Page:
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The Implications of Freedom Suits to America

Publié le 1 décembre, 2007 | Pas de commentaires
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The United States detains thousands of people as suspected terrorists. It claims that the open-ended detention of terror suspects is a national security necessity. The contemporary legal issues of these terror suspects have correlations to America’s past. The treatment of slaves and their attempts to gain freedom through the courts in the antebellum period (1800-1860) offers valuable insight into the current legal issues regarding terrorism. An examination of legal cases from the antebellum period exhibits the brutal treatment of detainees, the creation of legal fictions to circumvent applicable laws, and the overt goal to protect the status-quo.

[I]f the only truth available is the truth enabled by the limits of the same restrictive discourses that subjugate, what, then, are the possibilities for resistance?
~Impossible Witnesses by Dwight McBride1.

Prison Beda t Tuol Slang
Tim Hill, Prison Beda t Tuol Slang, 2005
Certains droits réservés.

The US detains suspected terrorists without charge and allows limited or no legal recourse. In fact, the US employs a convenient legal category—enemy combatant—that does not provide them protection under national or international treaties. The suspects have no access to any official documents or lawyers. And the detainees are not allowed to defend themselves, when and if any charges are brought. The government simply claims that all the suspects are terrorists. Until recently, even the names of the hundreds of prisoners at the US military base at Guantanamo were not known. They exist(ed) in a manufactured world based in legal inventions and government policies. The military lawyer, Ltd. Cmdr. Matthew Diaz, who secreted the 551 names off the Cuban base was court martialed and imprisoned for six months2. Hundreds of detainees remain held without charge.

Although the threat of terrorism is real, the extreme reaction of a government or a people to intense cultural threats is not a new phenomenon. The antebellum period (1800-1860) in St. Louis, Missouri, offers insights into the uses of the law to affect and insure the prevailing political, social and economic order of a time. It was during this period that slaves and free blacks were allowed to sue for their freedom. Free blacks were often kidnapped and removed to the South where they were sold under suspicion of being a runaway slave. While these ‘freedom suits’ offered slaves a chance to escape slavery, it was also a forum in which whites reinforced their legal right to own and abuse black bodies.

The freedom suit and the treatment of terror suspects demonstrate how the law can simultaneously empower the oppressed and reinforce prevailing national ideologies.

A Brief History

Throughout the antebellum period in the United States, laws existed in many slave states that allowed a slave to sue for his or her freedom. One city where the freedom suit was practiced was St. Louis, Missouri, a contentious front for the questions of national expansion and slavery. Nearly three hundred suits were filed between 1812 and 1860. These freedom suits struck at the heart a white society that depended on slavery for economic well-being and social perceptions of superiority. A closer look at the freedom suits and the surrounding culture reveals a world reacting to substantial economic, social and political change. How did these freedom suits reverberate through both black and white society? And why was the law of white America applied to and allowed for those who were considered property, those who were effectively invisible in society?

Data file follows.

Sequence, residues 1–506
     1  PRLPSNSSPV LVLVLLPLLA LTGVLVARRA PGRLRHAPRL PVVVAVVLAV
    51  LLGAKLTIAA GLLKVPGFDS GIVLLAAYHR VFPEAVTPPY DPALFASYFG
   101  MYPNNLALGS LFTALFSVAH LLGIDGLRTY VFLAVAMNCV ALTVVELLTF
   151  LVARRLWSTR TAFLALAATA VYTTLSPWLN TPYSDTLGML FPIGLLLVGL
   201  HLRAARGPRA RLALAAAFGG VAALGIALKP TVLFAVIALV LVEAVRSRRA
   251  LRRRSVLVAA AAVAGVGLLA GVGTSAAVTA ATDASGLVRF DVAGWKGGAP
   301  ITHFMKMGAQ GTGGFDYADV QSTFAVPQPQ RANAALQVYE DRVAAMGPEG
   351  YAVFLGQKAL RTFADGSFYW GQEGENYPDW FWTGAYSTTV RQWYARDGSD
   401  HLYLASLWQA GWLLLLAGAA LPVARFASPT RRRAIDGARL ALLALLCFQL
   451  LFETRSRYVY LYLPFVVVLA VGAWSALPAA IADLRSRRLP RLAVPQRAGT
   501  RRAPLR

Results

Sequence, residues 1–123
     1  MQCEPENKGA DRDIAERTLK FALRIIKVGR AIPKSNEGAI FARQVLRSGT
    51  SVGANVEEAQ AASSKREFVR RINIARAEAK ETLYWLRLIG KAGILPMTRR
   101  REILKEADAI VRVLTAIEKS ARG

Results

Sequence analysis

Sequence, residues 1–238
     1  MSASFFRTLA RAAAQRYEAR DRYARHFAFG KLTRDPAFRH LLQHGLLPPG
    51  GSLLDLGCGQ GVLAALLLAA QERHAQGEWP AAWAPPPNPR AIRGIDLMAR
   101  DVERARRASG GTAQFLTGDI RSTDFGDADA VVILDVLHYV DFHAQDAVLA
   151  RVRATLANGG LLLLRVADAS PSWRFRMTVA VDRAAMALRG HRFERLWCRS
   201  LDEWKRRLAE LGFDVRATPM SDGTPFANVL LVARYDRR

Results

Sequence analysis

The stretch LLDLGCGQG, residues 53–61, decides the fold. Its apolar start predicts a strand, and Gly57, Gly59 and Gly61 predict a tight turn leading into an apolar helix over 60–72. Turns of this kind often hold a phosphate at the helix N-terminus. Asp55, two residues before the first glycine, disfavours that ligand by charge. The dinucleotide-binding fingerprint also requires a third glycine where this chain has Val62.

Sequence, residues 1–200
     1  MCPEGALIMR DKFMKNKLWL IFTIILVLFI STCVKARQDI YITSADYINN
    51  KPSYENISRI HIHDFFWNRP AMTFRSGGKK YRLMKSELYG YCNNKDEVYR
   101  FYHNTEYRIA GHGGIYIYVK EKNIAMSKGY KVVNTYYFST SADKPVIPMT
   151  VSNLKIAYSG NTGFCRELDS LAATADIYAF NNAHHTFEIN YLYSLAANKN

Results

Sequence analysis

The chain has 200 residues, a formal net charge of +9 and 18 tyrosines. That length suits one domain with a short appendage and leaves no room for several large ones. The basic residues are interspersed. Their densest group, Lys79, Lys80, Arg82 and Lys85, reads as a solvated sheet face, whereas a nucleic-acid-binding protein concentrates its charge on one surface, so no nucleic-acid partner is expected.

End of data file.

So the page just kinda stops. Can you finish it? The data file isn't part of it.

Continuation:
Agency in Black and White

Historian Ariela Gross claims that race and the freedom suit “provided context and language that defined what it meant to be a slave, but also what it meant to be black or white as well”3. The trial, the courtroom, and the freedom suits combined to function as a cultural performance because they represented a repetitive human behavior of symbolic significance. The freedom suits existed as a microcosm of larger societal issues at work within a slave-owning society of St. Louis and Missouri4.

There is no question that slaves asserted their own agency and self-consciousness throughout these lawsuits, but Gross claims that the fear of slave agency and insurrection in these types of lawsuits shaped the litigation and public perception5. Imagine, for example, how our contemporary fears of terrorism have shaped legal and political responses. However, placing white society as mere reactionaries risks misconstruing historical events. The tendency to celebrate free blacks‘ and slaves’ use of the court system outside of proper historical parameters eroticizes the black body by explicitly positioning the slaves and free blacks as uniquely non-White. Thus, it is necessary to reposition black agency within a realistic historical framework that integrates slave agency within white antebellum society.

White society designed and maintained a highly structured social order where black agency could never fully flourish6. Several scholars state that, above all else, slaves sought self-preservation at minimal cost of degradation and loss of self-respect7. In many ways, the freedom suit represented the height of slave agency in society because the slave used white society’s laws to forge a new avenue of resistance and willingly subjected himself to further degradation of public scrutiny to gain liberty. However, true freedom—the freedom to live without worry of unlawful capture or the ability to work and live unfettered—remained a distant possibility8.